Many new Linux users are still struggling with the concept of the pager in the bottom panel, mirroring the number of virtual desktops they can use. They still think that the live DVD or flash drive is black magic. You can “innovate” all you want, just don’t drop the velvet rope when new users try to get in.

Innovation without a focus on attracting new users is a project just waiting for the chance to die.

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Ken Starks writes and publishes The Blog of Helios, a finalist in our Best FOSS or Linux Blog competition. In addition, he's the person behind the Reglue project that refurbishes older computers and gives them to disadvantaged school kids in the Austin, Texas area.

6 comments to When Distros Go South

  • I can see your point that users totally new to Linux probably will prefer a slick UI and not mess around with the internals.

    Still, a distro like Gentoo, where everything is compiled from source by the user, is alive and well. It may be a niche distro, but if you visit forums.gentoo.org, you’ll find that there’s a lot of old-timers like me who have been using Gentoo for 10+ years, as well as a constant trickle of new users.

    I take it that Nixos as well is not a distro that primarily want to appeal to the regular Joe user. Rather, it’s intended for people who don’t mind getting their hands dirty with fdisk and compiling their own kernels.

    Luckily, the Linux world has space for both noobs and hard-core users. There’s no need to make fun of either of them.

  • Duncan

    One great thing about Linux distros is the relatively low threshold to creating your own. It’s a very small step from “Hey, with Linux I can configure it my way” to “Well, now that I have it working the way I want, I might as well put it out there for anyone else interested in it working that way too.”

    This is why my answer to the “too many distros or not?” question is always “It’s just about right.” Because with Linux it IS possible to “do it your way”, and once it’s “done your way”, there’s virtually zero bump to simply putting it out there for anyone else interested (and with a bit of luck to get some help with it as a result), literally, anyone who wants it done differently and has the time and a bit of skill to do it CAN do it, so the level of supply and demand by definition are a near perfect match at a near-zero (beyond just doing it for one’s self, which might or might not be trivial depending on how much you want to change from a near-match distro) cost.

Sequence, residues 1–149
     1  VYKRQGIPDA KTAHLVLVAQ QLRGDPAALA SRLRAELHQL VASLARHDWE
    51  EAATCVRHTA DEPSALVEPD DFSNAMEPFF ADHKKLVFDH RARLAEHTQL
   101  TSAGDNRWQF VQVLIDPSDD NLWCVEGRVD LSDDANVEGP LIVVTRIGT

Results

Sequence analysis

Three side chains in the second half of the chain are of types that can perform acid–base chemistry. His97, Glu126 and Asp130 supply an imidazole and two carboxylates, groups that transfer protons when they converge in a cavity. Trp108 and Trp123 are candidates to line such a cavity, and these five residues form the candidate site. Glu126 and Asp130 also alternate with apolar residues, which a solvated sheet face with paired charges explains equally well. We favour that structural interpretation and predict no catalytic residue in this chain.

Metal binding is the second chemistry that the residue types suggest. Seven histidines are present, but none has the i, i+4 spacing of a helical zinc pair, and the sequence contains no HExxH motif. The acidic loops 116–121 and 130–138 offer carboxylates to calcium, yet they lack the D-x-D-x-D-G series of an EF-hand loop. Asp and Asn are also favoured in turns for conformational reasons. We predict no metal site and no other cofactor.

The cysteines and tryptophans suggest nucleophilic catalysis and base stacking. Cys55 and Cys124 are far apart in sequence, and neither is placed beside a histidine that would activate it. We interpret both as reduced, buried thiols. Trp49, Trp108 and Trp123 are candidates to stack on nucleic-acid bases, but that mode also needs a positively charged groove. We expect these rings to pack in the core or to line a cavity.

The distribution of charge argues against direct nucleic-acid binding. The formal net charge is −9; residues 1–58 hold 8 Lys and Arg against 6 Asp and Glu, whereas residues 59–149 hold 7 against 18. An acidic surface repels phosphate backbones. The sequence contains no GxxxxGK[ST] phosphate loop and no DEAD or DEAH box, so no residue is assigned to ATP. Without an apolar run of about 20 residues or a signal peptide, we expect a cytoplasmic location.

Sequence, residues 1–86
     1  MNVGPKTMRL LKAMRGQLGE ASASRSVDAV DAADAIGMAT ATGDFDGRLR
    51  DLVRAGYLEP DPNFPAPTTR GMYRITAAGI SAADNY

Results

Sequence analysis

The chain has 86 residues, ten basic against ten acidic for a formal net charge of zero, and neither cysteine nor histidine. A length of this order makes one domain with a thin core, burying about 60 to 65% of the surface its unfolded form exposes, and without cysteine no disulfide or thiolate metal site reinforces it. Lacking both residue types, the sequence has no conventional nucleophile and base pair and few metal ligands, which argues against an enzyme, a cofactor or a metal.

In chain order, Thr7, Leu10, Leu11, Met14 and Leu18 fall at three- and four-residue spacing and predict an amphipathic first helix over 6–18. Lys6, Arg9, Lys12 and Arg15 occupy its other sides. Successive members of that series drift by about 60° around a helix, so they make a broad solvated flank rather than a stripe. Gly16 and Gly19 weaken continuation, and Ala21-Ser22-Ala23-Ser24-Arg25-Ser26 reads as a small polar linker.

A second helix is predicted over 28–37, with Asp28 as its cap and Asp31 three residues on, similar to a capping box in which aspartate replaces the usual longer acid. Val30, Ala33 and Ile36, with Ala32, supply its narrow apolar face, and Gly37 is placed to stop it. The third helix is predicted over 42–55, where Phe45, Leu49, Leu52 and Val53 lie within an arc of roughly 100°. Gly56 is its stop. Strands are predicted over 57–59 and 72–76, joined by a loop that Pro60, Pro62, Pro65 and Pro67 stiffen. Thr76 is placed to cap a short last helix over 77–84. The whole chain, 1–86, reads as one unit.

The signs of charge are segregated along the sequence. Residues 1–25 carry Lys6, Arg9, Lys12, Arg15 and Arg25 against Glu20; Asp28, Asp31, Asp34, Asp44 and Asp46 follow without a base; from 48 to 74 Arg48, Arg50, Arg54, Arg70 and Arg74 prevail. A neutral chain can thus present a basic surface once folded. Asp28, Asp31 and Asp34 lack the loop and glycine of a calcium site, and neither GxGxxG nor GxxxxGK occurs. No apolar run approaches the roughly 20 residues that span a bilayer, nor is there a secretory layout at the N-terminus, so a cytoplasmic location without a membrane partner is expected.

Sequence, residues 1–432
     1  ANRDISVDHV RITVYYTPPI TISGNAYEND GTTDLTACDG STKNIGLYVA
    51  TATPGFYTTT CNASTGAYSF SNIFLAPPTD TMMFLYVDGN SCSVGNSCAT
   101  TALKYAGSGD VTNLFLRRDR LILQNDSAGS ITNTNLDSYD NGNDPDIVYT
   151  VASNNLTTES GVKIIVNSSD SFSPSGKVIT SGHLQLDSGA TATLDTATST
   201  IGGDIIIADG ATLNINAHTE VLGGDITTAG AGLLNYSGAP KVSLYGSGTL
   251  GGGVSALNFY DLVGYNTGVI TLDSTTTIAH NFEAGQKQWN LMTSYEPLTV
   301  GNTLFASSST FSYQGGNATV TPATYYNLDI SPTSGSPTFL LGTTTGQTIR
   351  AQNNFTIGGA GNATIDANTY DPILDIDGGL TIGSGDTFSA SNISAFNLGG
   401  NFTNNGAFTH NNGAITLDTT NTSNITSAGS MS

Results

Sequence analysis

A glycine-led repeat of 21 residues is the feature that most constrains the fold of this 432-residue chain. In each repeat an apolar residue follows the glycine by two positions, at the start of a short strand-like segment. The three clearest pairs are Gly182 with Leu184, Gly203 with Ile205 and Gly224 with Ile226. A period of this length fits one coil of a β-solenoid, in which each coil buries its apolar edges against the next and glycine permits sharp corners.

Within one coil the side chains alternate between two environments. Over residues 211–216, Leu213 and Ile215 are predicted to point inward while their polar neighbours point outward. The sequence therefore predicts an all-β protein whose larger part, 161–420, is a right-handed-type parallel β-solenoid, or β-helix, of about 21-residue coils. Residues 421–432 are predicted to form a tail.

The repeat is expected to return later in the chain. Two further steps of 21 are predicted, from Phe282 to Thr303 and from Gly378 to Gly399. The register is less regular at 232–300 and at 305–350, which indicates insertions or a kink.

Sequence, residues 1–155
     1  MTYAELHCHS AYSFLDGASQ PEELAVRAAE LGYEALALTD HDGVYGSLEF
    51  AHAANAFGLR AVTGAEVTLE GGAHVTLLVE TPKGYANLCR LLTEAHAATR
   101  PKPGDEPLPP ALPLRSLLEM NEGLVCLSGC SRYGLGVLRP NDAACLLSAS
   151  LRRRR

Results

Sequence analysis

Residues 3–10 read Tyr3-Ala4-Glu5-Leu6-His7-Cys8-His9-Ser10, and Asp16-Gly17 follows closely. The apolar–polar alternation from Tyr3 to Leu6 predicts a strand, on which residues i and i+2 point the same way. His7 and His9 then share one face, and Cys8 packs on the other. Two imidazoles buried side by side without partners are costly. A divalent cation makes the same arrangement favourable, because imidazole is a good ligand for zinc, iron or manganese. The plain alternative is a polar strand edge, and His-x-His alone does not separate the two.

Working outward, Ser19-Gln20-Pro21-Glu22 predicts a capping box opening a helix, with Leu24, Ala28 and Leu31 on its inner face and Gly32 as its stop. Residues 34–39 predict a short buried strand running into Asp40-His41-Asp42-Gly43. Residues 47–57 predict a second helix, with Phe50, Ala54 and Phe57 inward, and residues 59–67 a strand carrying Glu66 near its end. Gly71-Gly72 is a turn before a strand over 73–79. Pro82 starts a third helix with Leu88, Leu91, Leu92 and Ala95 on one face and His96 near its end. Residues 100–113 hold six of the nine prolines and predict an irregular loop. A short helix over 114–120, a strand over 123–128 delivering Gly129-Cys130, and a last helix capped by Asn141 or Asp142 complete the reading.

So there can never be too many or too few distros, because literally anyone that wants to change a few config files from their base distro can do it at basically zero additional cost, and they must have a reason for doing it or they’d not bother.

    OTOH, because that means it’s trivial creating a distro and a lot of folks will do it, it’s equally trivial for such a one-off distro with just one or two people actually doing it to die, and they often do. But that’s OK too, altho it can mean a bit of temporary pain for users of that distro until they get properly switched to another. Tho of course if there’s enough users with high enough skill level, they can simply carry on with it themselves.

    Duncan

  • So, Ken, apparently innovation doesn’t count unless it’s making the UI friendlier for John Q. Newbie?

  • Onan the Barbarian

    Ken,
    I guess you’ve evaluated mainstream distros that don’t risk dying, e.g., Ubuntu, Fedora, Debian…
    Can you elaborate on why they aren’t suited to your needs?

  • “So, Ken, apparently innovation doesn’t count unless it’s making the UI friendlier for John Q. Newbie?”

    As short-sighted as you maybe believe me to be, in my world, the answer is yes. But I said, “in my world”. We install anywhere from 90 to 250 Linux-powered computers a year to school kids. Finger on the pulse and all of that. I did not really give the Gentoo and Slackware distros enough consideration as they do have a solid user base. But in comparison to the user base in the “user friendly” distros, I would hazard a guess that users of friendly distros greatly outnumber the others. Your point is taken…I did not clarify my position as well as I should but I still stand my ground on the risks of small development distros having a much shorter lifespan, regardless of how user friendly they are. And that after all, was the point I am making.